in the town for two or three days on each visit,
and it is likely that the Nightingale family
moved out to one of their hotels on these
occasions. The Prince, an enthusiastic
theatregoer, attended performances at the
Theatre Royal and Royal Aquarium, arranged
by John Nightingale. Shadingfield Lodge
remained in the Nightingale family for several

Theatre Royal The Prince of Wales, seated third from left, with
the officers of Norfolk Artillery Militia outside the
When the theatre was built in 1778 at a cost of Shadingfield Lodge in 1895.
£1,000, the money was raised by eleven £100
subscriptions, for The prince stayed here as a guest of the Nightingale
family seven times when he visited the town
which the backers
to review the Regiment.
were rewarded
with silver tickets,
allowing them free access to the theatre at any time. The Prince of
Wales attended the theatre on 16th June 1879, when he was
entertained by a special performance given by the London Gaiety
Company. He was accompanied by the officers of the Regiment and
their colonel, Lord Suffield. By 1889, the theatre had become run
down and closed. It was then bought for £1,200 by John Nightingale,
who bought back the original silver tickets. It took Nightingale three
years to renovate the building with new entrances and exits, new
dressing rooms and seating. It was completely redecorated and an
engine was installed to provide electricity. Four shops were added on
the Regent Road frontage of the building and it reopened in May
1892, now a first-class theatre.
Assembly Rooms
Built in 1863, the building was originally used as a Public Assembly
and Ballroom and was often hired for balls by the officers of the
Norfolk Artillery Militia. In 1879, it was leased to them as a Mess
House and John Nightingale was appointed the caterer for all
functions and regimental diners, many of which were attended by the
Prince of Wales. In 1883, the building was purchased on behalf of
the Regiment by Lord Suffield, their colonel. The building had links
1897 poster for with Freemasonry for many years. The Prince of Wales was a Grand
Nightingale’s new Theatre Master; Lord Suffield and many officers of the Regiment were also
Royal. His theatrical connected with Masonry. In 1891, the Lodge of United Friends
contacts enabled him to moved over from the Victoria Hotel with the help of Bro. John
bring many top London Nightingale who, it appears, was free to use the building when the
companies to the town. officers were absent, which was for the most of the year.
The Regiment was dissolved under the Army reorganisation of 1908 and, in 1910, the building
was conveyed to Nightingale. The regimental silver and the furniture had been sold by auction,
but Nightingale’s purchase of the building included the custody of the 102 Coats of Arms of the
officers of the Regiment, which decorated the Mess Room. Throughout the Regiment’s 56 year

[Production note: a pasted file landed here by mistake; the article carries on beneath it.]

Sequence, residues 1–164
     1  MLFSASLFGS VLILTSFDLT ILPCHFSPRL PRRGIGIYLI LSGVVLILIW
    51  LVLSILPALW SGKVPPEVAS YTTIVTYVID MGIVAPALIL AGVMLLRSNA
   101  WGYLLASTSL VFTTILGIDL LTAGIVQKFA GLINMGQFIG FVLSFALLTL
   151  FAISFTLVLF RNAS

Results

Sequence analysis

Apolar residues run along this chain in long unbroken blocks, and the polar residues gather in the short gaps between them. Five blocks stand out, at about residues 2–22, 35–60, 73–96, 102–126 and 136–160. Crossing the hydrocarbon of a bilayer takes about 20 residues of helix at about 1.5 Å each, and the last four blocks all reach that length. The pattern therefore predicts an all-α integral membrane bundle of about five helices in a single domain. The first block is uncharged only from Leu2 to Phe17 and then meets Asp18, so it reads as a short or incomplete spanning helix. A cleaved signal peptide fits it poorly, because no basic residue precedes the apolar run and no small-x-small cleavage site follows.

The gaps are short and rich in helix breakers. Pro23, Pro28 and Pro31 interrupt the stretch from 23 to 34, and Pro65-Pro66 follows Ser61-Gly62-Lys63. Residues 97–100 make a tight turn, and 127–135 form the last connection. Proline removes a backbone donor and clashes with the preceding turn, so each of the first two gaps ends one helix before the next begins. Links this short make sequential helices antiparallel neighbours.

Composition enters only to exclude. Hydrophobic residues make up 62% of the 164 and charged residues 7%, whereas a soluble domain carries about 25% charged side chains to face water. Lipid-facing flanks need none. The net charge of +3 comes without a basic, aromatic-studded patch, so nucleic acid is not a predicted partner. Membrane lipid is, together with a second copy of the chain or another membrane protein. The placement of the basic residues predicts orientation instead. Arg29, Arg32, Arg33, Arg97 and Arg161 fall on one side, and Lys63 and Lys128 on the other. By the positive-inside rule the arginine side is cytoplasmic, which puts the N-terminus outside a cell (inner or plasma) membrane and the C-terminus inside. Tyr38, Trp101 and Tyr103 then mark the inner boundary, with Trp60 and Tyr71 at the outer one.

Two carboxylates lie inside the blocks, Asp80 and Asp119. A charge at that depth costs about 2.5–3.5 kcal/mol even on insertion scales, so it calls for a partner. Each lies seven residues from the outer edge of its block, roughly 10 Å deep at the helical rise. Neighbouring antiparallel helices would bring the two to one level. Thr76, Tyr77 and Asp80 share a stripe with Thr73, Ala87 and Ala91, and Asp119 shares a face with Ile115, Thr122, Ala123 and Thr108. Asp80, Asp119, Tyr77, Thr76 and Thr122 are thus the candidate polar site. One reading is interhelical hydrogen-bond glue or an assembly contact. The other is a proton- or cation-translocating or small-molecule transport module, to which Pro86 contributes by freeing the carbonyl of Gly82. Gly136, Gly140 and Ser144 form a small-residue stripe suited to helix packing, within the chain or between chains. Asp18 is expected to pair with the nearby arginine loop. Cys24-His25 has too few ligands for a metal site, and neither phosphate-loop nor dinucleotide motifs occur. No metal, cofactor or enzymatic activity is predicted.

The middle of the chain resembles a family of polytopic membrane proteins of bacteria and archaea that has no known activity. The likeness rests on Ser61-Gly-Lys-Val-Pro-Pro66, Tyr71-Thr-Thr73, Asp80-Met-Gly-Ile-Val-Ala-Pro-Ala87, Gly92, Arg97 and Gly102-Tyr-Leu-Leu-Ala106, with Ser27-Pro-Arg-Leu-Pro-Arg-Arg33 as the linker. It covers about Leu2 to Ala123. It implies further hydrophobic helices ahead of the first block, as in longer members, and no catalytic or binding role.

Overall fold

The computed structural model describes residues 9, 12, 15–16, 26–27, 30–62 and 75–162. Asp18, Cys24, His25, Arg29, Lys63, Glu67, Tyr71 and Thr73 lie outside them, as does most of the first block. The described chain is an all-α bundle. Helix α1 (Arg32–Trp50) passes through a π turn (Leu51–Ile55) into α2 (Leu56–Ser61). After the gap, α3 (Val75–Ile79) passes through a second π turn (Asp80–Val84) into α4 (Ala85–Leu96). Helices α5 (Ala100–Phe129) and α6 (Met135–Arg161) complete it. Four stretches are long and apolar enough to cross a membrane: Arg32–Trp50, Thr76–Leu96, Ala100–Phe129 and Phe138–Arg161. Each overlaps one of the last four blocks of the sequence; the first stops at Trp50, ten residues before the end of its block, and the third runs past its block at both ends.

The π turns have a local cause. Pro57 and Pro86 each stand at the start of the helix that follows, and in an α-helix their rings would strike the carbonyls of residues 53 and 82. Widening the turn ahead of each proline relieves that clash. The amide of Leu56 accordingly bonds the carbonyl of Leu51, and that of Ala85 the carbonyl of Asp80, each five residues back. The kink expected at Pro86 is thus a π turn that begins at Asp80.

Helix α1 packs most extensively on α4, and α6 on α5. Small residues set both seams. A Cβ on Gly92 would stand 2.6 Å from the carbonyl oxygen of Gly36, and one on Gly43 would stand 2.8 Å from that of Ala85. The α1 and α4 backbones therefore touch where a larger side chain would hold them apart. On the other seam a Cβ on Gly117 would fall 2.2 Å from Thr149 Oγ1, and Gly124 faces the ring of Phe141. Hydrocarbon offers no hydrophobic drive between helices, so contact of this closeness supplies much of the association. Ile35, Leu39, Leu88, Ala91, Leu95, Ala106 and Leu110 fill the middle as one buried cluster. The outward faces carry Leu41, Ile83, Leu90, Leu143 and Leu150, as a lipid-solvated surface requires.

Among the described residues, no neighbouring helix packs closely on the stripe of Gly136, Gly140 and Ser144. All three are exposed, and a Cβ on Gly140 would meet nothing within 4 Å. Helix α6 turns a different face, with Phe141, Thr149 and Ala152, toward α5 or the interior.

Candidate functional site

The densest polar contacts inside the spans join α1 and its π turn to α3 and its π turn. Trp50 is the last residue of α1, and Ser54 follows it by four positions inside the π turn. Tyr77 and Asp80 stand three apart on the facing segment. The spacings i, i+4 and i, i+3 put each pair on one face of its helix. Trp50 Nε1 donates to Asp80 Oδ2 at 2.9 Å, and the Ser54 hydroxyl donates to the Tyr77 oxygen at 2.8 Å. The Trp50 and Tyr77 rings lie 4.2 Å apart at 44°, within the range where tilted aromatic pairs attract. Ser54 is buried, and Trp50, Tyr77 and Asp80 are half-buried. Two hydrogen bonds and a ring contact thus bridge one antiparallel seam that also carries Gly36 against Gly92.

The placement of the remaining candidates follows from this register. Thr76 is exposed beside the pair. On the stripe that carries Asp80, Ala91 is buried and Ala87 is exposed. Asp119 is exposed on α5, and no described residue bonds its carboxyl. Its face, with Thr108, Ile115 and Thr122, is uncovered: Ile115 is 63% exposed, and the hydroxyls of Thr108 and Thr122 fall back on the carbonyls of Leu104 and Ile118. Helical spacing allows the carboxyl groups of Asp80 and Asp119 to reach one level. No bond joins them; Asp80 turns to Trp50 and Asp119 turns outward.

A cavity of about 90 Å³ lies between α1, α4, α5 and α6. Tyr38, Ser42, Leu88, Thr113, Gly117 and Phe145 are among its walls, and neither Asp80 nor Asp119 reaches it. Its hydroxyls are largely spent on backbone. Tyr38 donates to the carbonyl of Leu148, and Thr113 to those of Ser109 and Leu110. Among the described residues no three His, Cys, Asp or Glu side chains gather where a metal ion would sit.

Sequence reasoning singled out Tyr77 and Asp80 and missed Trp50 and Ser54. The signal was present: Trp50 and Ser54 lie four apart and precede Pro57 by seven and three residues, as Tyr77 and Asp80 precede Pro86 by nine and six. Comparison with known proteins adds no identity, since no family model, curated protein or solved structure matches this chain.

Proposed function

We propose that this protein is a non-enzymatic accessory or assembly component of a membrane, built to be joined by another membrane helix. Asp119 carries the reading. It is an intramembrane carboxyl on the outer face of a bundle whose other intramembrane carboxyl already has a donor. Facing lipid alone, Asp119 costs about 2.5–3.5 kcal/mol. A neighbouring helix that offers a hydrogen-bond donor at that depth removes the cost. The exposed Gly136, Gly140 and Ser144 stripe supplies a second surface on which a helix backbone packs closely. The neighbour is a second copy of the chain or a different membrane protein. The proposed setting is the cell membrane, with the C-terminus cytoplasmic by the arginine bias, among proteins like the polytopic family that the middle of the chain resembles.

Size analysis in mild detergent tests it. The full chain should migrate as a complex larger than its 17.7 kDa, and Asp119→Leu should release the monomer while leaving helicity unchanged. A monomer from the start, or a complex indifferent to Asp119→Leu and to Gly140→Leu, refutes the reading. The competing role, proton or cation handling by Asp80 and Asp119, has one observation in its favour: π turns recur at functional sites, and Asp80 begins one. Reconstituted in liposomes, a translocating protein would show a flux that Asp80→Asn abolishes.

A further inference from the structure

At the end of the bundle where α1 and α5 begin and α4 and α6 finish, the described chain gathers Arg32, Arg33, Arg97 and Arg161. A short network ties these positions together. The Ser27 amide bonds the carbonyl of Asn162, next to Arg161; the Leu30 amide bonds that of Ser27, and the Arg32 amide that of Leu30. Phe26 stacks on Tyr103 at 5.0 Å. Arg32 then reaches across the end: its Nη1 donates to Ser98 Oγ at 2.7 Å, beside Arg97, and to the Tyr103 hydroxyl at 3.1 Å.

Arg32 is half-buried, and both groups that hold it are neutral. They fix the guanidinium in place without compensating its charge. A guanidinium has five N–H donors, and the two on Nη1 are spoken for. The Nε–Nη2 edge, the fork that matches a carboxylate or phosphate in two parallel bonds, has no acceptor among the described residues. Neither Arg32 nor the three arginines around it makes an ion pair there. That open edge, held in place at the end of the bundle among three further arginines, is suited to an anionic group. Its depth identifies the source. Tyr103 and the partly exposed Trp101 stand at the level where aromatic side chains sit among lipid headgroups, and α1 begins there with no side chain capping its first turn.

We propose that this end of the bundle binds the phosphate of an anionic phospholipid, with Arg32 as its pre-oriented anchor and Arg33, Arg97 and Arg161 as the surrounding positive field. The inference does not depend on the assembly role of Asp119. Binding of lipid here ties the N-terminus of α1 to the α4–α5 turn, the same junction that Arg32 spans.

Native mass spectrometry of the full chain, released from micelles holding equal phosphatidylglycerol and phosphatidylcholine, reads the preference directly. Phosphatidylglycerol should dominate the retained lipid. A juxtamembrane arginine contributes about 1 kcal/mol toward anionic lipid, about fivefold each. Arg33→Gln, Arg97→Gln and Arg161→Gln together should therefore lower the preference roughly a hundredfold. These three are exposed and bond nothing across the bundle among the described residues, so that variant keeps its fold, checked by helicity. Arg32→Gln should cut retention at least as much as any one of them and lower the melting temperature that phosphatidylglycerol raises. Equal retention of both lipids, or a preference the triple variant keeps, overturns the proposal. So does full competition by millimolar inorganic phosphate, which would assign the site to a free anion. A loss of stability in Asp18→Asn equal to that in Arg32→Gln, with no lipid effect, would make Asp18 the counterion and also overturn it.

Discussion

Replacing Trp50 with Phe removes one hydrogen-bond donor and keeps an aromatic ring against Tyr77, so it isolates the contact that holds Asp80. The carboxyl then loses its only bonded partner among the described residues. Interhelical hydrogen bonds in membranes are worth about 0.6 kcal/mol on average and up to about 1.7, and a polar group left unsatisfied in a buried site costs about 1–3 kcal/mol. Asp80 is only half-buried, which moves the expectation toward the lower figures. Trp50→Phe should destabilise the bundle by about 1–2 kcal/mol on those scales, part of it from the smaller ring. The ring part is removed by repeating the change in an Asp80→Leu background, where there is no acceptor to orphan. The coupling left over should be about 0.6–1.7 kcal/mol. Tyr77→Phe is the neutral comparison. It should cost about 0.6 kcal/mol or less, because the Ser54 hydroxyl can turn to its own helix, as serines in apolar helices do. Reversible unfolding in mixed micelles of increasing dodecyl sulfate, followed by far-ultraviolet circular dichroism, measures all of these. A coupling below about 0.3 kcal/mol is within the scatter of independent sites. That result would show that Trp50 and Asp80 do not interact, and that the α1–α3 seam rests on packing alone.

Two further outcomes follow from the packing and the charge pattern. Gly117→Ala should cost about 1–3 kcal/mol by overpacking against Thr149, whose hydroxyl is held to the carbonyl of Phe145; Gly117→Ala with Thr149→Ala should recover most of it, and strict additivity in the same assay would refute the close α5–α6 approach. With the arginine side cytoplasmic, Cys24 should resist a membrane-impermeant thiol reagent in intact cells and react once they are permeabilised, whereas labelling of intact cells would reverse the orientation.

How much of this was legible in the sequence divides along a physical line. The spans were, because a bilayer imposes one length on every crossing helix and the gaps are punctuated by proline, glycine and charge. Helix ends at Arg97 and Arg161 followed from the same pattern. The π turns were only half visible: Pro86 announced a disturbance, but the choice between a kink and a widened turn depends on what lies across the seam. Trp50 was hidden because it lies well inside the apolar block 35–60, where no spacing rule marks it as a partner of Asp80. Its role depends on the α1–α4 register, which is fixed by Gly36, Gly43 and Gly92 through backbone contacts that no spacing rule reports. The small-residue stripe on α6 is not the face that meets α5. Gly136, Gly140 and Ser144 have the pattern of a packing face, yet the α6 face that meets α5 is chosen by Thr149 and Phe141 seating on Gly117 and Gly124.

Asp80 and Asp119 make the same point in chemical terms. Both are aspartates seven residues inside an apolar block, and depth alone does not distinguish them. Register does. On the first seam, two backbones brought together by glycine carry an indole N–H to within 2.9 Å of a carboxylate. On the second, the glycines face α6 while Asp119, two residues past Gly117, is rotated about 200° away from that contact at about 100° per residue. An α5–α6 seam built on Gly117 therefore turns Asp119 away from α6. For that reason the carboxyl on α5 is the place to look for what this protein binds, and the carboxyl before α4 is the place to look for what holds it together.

history, every officer had been required to provide a shield of his Coat of Arms. For over 30 years
John Nightingale had a connection with the Assembly Rooms. In 1918, the Great Yarmouth
Masonic Association was formed to buy the Assembly Rooms as a Masonic Lodge. The Coats of
Arms are still in position in the Lodge.

Victoria Hotel

Built by the Victoria Building Company in 1841, this was part of a prestigious development
designed to bring ‘upper class’ people to the town. The hotel was modernised in 1895 by the
addition of hot water apparatus and later bought by John Nightingale. In the 1950s it became the
Carlton Hotel.

Royal Hotel

The Royal Hotel was opened in 1840, the first seaside hotel in the town. It was partly rebuilt in
1877 and was later bought by Nightingale. It was here, in 1897, when the Norfolk Artillery Militia
went to Sheerness for six weeks training; the officers who did not go with the Regiment lived here
and were looked after by Nightingale.

Queen’s Hotel

The Queen’s Hotel was built in 1884 by the brewers Steward & Patteson to replace an older
hotel, having the same name, on the corner of Apsley Road and Regent Road. Nightingale, the
leading hotelier in the town, bought it in 1897. This hotel remained in the Nightingale family for
many years.

Britannia Pier

The original pier was built in 1858 but, after suffering damage caused by two ships colliding with
the wooden structure, was demolished in 1900. John Nightingale formed a company, The New
Britannia Pier Company, of which he was Managing Director, to rebuild the pier, opening it in
1901. An elaborate pavilion was built at the end of the new pier, opening in 1902. This pavilion
was destroyed by fire in 1909 and Nightingale resigned as MD. It was said that the destruction of
the pavilion hastened his death two years later.

Revolving Tower

The Warwick Revolving Tower was built to the north of the Britannia Pier in 1897. It was sold in
May 1902 to a newly created company, the Great Yarmouth Revolving Tower Company, for
£2,032; the Managing Director of this company, and major shareholder, was John Nightingale.
The tower, one of only five built in this country, was demolished in 1941.

On 12th February, a blue plaque to John William Photo by Derek Leak

Nightingale was unveiled by the Mayor, Councillor
Malcolm Bird, on the
New Beach Hotel,
formerly the Queen’s
Hotel, on Marine
Parade, Great
Yarmouth in
recognition of the huge
impact Nightingale
made on the town as a
premier seaside resort.

Tobias Lewis (artist), Mendel Lewis (picture and antiques dealer) and the
Jewish Community in Great Yarmouth
Malcolm Ferrow and Paul P. Davies

As an antiques dealer and valuer, Malcom Ferrow has occasionally come across watercolours